Situated 70 km (43 miles) inland from the Atlantic Ocean with an average elevation of around 800 meters (2,625 feet), São Paulo has a flat and featureless metropolitan area, apart from a few elevated areas, including those around Avenida Paulista and Centro. A major thoroughfare called the "Marginal"—two one-way expressways on either side of a smelly, Pinheiros river—divides the city from both north to south and east to west, with most business and tourist activity occurring in the southeastern, western, and central neighborhoods. No matter where you are, though, it's difficult to gain a visual perspective of your relative location, thanks to the legions of buildings in every direction. A good map or app is a necessity.
This downtown area has the city's most interesting historic architecture and some of its most famous sights; however, many parts are also quite daunting and dirty, so be prepared. Area highlights include Praça da Sé, considered the vortex for the São Paulo municipal district, and attractions around the revitalized Vale do Anhangabaú. Some of São Paulo's prime guilty pleasures can be snacked on at Mercado Municipal. Parque da Luz is just to the north and next to a number of important buildings, including the Estação da Luz, the former headquarters of São Paulo Railway that now houses the Museum of the Portuguese Language.
Southeast of Centro, Liberdade (meaning "freedom" or "liberty" in Portuguese) is the center of São Paulo's Japanese, Korean, and Chinese communities, and features a range of Asian-style streetscapes and shopfronts. It's a popular area with travelers, thanks to the many culturally motivated markets and restaurants.
Once a desert of abandoned warehouses, this region has experienced a renaissance in recent years. The construction of various high-rise apartment buildings and trendy nightlife venues has returned life to a neighborhood boasting many of São Paulo's samba schools, architecture by Oscar Niemeyer, and the Palestra Itália, home to the Palmeiras soccer club.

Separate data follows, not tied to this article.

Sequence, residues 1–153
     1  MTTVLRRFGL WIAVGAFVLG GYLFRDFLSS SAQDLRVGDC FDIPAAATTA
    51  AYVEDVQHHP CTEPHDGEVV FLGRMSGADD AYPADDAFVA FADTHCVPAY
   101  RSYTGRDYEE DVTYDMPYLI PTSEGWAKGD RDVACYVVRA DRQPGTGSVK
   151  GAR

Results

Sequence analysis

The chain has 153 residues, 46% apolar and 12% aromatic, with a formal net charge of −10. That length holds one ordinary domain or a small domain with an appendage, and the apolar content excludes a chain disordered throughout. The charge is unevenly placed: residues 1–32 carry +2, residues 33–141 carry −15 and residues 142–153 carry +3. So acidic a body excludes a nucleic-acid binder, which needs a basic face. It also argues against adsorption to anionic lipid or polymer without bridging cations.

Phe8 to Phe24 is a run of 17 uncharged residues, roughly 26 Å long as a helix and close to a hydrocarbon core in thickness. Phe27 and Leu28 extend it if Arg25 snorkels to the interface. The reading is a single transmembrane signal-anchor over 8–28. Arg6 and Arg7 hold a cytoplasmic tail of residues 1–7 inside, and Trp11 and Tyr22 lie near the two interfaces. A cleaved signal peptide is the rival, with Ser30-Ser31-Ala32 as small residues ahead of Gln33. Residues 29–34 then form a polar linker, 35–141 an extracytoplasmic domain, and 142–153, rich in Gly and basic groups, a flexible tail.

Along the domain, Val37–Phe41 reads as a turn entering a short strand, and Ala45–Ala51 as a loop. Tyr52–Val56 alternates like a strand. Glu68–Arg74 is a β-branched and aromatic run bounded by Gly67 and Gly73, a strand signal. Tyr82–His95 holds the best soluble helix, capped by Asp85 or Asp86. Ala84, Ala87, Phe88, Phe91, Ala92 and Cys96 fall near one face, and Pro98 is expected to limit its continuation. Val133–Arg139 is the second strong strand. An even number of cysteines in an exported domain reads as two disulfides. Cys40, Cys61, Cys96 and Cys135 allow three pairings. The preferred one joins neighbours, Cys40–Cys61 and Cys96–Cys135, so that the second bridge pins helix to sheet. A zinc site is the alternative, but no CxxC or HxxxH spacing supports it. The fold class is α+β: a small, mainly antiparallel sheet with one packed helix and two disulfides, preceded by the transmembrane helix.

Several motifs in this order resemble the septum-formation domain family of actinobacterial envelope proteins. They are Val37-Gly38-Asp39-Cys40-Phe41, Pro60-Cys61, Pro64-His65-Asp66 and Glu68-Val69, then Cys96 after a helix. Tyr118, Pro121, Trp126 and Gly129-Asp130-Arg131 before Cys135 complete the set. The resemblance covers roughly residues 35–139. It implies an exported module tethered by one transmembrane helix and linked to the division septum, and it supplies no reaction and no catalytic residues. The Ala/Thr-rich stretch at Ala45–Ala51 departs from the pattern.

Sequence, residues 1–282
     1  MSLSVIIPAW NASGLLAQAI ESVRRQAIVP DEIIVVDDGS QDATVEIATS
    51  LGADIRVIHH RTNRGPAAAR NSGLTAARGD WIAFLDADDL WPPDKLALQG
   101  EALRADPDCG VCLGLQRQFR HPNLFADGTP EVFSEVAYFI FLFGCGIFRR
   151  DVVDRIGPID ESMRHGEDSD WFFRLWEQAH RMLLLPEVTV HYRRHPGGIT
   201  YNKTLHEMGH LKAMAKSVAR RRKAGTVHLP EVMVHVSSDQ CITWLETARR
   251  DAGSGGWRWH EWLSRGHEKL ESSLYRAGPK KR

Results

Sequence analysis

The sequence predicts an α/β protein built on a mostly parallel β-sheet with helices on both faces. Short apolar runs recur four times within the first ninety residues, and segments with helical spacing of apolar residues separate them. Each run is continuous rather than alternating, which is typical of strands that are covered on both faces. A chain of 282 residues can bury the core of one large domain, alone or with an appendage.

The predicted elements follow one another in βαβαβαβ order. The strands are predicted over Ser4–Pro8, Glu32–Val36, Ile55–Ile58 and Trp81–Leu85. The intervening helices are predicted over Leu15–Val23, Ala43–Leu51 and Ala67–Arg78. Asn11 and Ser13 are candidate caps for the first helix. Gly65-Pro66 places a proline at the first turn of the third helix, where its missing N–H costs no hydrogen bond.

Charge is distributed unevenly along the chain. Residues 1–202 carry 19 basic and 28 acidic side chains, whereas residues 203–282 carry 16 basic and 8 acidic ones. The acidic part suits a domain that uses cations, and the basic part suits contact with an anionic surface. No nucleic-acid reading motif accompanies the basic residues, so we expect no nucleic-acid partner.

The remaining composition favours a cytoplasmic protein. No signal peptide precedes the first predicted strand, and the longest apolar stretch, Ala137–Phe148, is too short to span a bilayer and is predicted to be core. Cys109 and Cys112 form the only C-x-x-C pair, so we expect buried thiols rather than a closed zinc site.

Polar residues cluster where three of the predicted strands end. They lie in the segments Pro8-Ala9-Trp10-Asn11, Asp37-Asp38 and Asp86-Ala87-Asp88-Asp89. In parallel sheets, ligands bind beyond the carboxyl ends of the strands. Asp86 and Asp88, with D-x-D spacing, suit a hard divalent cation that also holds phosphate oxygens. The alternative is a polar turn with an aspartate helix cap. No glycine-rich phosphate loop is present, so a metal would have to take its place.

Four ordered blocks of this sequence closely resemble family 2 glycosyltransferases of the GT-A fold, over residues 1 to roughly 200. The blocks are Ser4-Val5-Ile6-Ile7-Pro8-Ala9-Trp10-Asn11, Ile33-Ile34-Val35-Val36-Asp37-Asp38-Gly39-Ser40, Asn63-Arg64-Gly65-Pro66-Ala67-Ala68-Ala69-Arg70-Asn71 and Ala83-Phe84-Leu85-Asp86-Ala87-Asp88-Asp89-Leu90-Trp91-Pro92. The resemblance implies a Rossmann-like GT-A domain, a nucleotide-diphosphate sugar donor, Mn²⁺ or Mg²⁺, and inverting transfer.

The imposing Avenida Paulista is home to some of the city's best hotels, biggest financial companies, and most important businesses. Many of São Paulo's cultural institutions center around this impressive, eight-lane-wide thoroughfare. Just 2.8-km (1.7-miles) long, the avenue begins west of Centro and spans several of the city's chicest neighborhoods as it shoots southeast toward the Atlantic.
Officially called Bela Vista, this is São Paulo's Little Italy. Here are plenty of restaurants, theaters, and nightlife hot spots. Southwest of Centro and right next to Avenida Paulista, Bixiga is an old, working-class neighborhood—the kind of place where everybody knows everybody else's business.
On the southern side of Avenida Paulista sits Jardins, a trendy neighborhood that's ideal for shopping and eating out. The gently sloping, tree-filled area is one of the nicer parts of São Paulo for walking around; it's also one of the city's safest neighborhoods.
Moving farther south, Itaim (locals always drop the Bibi part) is similar to Jardins because it's also filled with fashionable bars, restaurants, and shops. Another of the city's most impressive roads transects the suburb, Avenida Brigadeiro Faria Lima, which, along with its many cross-streets, has a ton of expensive and exclusive nightlife options. At its western border, Itaim stretches down to the Marginal.
Just north of Itaim and west of Jardins sits Pinheiros (pine trees), another nightlife hot spot chock-full of bars, clubs, and late-night restaurants. The area, with some of the city's most expensive low-rise housing, is also traversed by the popular Avenida Brigadeiro Faria Lima and has the Marginal as its western boundary.
One of the hillier parts of São Paulo with impressive views across the city from the uppermost buildings, Vila Madalena is a relatively small enclave just to the north of Pinheiros. It's yet another nightlife mecca with bohemian-style haunts that stay open until dawn. Bars are stacked one on top of the other, making it a great place for a pub crawl, particularly because it's also one of the city's safest after-dark spots. Scores of boutiques, bookstores, cafés, galleries, and street-art displays also contribute to the neighborhood's pull on the free-spirited.